The election of Hassan Rohani as Iran’s president has drawn some stern warnings against the hope that his victory signals meaningful change. It’s too soon to know exactly what it signals—but the result is a welcome surprise and an opportunity that should be cautiously explored.
Rohani isn’t a reformist or a moderate in the ordinary meaning of the word—but, so far as we know, he isn’t a habitual Holocaust denier or demagogue either. When it comes to Iran’s leadership, that’s progress.
The Scottish-educated cleric also seems to be something of a pragmatist. As a nuclear negotiator in 2003, he agreed to suspend Iran’s enrichment of uranium. It helps that he owes his election to the support of two former moderate presidents—Ali Akbar Hashemi Rafsanjani and Mohammad Khatami—plus voters from the anti-regime Green Movement. They’ll remind him of his campaign promises to improve the economy and relations with the rest of the world. It’s true that Rohani was a regime-approved candidate and that no reformists were allowed to run, but his election is still a rebuff to conservatives. They lost, and they know it.
The election certainly improves the public face of the Iranian government—and that’s exactly the danger, according to Israeli Prime Minister Benjamin Netanyahu. With Rohani in office, rallying international support for tighter sanctions or future military action against Iran’s nuclear facilities will be more difficult. Iran’s supreme leader and chief of foreign policy is still Ayatollah Ali Khamenei, a man thought unlikely to budge except under pressure.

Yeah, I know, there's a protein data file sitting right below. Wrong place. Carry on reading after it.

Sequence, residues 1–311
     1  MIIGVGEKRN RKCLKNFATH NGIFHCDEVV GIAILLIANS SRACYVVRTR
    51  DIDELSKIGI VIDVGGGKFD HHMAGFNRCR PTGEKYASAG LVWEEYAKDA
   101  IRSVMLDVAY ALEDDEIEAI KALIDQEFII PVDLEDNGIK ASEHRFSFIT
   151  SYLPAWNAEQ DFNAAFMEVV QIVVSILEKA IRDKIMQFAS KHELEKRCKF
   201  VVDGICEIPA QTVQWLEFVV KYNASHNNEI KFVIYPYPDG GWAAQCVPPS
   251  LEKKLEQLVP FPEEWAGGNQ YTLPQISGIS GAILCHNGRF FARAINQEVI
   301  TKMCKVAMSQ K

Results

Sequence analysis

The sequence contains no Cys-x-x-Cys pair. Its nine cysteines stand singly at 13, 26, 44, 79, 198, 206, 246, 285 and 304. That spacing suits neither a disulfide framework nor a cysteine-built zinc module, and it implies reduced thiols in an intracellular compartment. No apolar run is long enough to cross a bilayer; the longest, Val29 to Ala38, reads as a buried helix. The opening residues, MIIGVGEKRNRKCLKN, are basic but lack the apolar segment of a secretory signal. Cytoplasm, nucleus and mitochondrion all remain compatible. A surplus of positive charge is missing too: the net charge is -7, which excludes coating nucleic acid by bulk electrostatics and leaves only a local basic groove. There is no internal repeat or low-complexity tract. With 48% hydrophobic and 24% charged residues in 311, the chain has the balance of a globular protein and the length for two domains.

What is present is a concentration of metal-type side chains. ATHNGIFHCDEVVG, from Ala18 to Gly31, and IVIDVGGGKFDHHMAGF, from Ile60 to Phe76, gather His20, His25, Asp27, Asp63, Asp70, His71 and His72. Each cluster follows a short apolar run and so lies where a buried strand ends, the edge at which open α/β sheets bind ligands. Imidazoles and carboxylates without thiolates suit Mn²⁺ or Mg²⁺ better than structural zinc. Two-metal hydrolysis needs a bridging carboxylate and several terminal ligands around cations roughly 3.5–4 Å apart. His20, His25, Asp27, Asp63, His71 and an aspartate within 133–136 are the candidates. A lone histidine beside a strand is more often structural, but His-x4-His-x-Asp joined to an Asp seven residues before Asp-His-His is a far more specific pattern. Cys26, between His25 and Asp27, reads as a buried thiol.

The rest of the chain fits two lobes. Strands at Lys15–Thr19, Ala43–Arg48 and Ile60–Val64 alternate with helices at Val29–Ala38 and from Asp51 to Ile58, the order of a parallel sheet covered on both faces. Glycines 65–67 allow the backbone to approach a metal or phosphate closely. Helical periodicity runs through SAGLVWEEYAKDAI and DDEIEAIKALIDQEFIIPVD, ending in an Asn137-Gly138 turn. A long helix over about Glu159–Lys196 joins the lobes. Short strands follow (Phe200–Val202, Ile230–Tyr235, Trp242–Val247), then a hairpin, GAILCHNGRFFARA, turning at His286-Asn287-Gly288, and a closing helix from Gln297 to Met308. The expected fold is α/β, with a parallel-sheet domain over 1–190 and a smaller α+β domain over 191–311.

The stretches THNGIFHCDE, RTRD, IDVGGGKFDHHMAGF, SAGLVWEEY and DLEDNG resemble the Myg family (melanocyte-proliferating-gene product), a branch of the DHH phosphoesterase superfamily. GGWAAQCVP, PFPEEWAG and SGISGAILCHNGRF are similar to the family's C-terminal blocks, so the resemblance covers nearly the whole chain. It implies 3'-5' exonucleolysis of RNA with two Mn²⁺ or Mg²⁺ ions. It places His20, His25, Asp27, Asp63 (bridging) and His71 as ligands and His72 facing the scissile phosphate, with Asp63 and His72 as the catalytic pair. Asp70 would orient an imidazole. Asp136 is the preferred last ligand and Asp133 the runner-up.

Military action against Iran is a deeply unappealing option, but the threat needs to be retained as a last resort. Too exuberant a reaction would be counterproductive in another way. Rohani was pilloried by conservatives for weakness over the 2003 suspension of uranium enrichment, which didn’t yield a settlement and was reversed once Rohani’s predecessor, Mahmoud Ahmadinejad, took power. Any suggestion that the U.S. and its allies are delighted to have Rohani as a negotiating partner could force him to harden.
Nonetheless, Rohani’s election provides an opening, especially if it indicates a movement in popular sentiment that the leadership has decided to tolerate. How big or small the shift will be is for Khamenei and Rohani to resolve, starting with whether the supreme leader agrees to remove defeated conservative presidential candidate Saeed Jalili from his post as nuclear negotiator.
The so-called P5+1—China, France, Russia, the U.K., and the U.S. (the five permanent members of the United Nations Security Council) plus Germany—should make clear they are ready to reopen talks as soon as possible and willing to reward any real improvement in the Iranian negotiating position. Time for a negotiated settlement is running out. Still, nobody should pretend that Rohani’s arrival has transformed the situation. The election provides a glimmer of optimism, no more.